Christian Wood might be a quality backup big man in the NBA, but it seems like he is already on borrowed time in Detroit. He will be fighting with veteran Joe Johnson for the final roster spot on the Pistons. Unfortunately for Wood, his fate might not rest in his hands but in the hands of how other players on the roster perform.
Wood is trying to hang on as a backup big man to spell Andre Drummond at center. Drummond, of course, usually plays big minutes. Blake Griffin might also see some minutes as a small ball center. Then there is Thon Maker, who is going to get every possible chance to make Wood irrelevant.
The one thing Wood must do – hit so many free throws that Maker’s one supposed skill is redundant to with a far better player. It’s a long shot but it’s the only shot he’s got.
Of course, if Maker shows anything it won’t really matter how good Wood performs in Detroit, he’ll be gone. Johnson doesn’t really face similar pressures. His competition at reserve forward will be young players Svi Mikhailiuk and rookie Sekou Doumbouya. It’d be shocking if Doumbouya was ready on day one as an 18-year-old and it’d be almost as shocking if coach Dwane Casey trusted Svi enough to cut bait on Johnson.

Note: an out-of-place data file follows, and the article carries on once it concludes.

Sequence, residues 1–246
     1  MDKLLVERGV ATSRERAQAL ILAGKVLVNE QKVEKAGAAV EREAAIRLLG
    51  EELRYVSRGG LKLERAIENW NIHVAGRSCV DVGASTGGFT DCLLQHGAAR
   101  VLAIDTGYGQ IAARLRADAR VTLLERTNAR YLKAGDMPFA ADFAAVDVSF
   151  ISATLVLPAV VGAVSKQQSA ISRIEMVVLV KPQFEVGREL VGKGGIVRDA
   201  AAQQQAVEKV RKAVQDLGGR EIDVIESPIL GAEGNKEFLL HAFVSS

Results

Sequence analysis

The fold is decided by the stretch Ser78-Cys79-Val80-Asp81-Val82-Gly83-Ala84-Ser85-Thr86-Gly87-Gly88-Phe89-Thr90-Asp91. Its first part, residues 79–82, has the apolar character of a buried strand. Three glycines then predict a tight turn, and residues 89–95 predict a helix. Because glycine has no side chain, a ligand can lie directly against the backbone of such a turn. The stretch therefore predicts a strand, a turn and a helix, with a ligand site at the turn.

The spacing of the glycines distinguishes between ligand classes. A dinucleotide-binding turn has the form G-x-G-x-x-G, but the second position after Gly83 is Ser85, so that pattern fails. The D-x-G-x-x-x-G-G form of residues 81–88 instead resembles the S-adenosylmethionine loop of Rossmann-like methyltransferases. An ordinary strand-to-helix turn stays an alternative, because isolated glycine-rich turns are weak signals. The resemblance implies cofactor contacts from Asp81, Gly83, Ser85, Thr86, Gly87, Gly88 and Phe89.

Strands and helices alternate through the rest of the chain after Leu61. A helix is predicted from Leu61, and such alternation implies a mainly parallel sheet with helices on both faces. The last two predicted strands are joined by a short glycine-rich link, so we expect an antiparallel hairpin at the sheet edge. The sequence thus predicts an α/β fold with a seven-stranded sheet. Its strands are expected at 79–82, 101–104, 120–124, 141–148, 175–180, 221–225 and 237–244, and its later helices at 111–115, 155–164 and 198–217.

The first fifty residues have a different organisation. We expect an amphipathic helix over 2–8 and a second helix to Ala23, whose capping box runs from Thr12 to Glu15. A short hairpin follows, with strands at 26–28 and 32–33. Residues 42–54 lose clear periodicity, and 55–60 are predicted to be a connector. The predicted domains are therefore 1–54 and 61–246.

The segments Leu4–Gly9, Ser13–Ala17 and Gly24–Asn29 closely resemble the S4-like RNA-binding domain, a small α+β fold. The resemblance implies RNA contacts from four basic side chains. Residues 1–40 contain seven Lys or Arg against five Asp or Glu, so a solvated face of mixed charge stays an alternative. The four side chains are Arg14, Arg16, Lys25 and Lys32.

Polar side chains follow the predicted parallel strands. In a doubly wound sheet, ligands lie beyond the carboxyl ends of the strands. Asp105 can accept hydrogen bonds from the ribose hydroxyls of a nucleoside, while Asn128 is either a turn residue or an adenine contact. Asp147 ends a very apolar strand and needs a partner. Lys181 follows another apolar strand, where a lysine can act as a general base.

So my advice is to enjoy Wood, and DBB’s love of juvenile humor about people’s names, while you can. If there is one thing Wood can do to fend off Maker and Johnson for a roster spot it’ll be stretching out his game all the way to the perimeter.
Wood is a 75% free-throw shooter in his G-League career, where he’s played far more minutes compared to the NBA, so he knows how to catch and shoot. But he’s only a 28% 3-point shooter on about four attempts per 36 minutes. That’s only slightly worse than Maker’s 4.8 attempts per 36 and 30% success rate in Detroit.
Frankly, Detroit has a specific role in mind for their reserve center – stretch the floor and play defense. If the players are comparable, Detroit is likely to stick with the guy guaranteed $3.5 million with 2,700 NBA minutes under his belt than the NBA journeyman without a guaranteed contract.
For the Pistons to look past that contract and the “promise” of Maker as a prospect, Wood is going to have to hit at something like a 37% clip and be a Langston Galloway-type gunner. If he looks like a stretch five that can be relied on then the team might start looking at other parts of his game.
Wood is more of a power forward than center, but so is Maker and he looks to be a more effective defender. He blocks as many shots as Maker and fouls less. He also does something Maker, and most other Pistons are incapable of doing – getting to the free throw line.
But none of it will matter unless he starts raining 3s enough to make the coaching staff notice.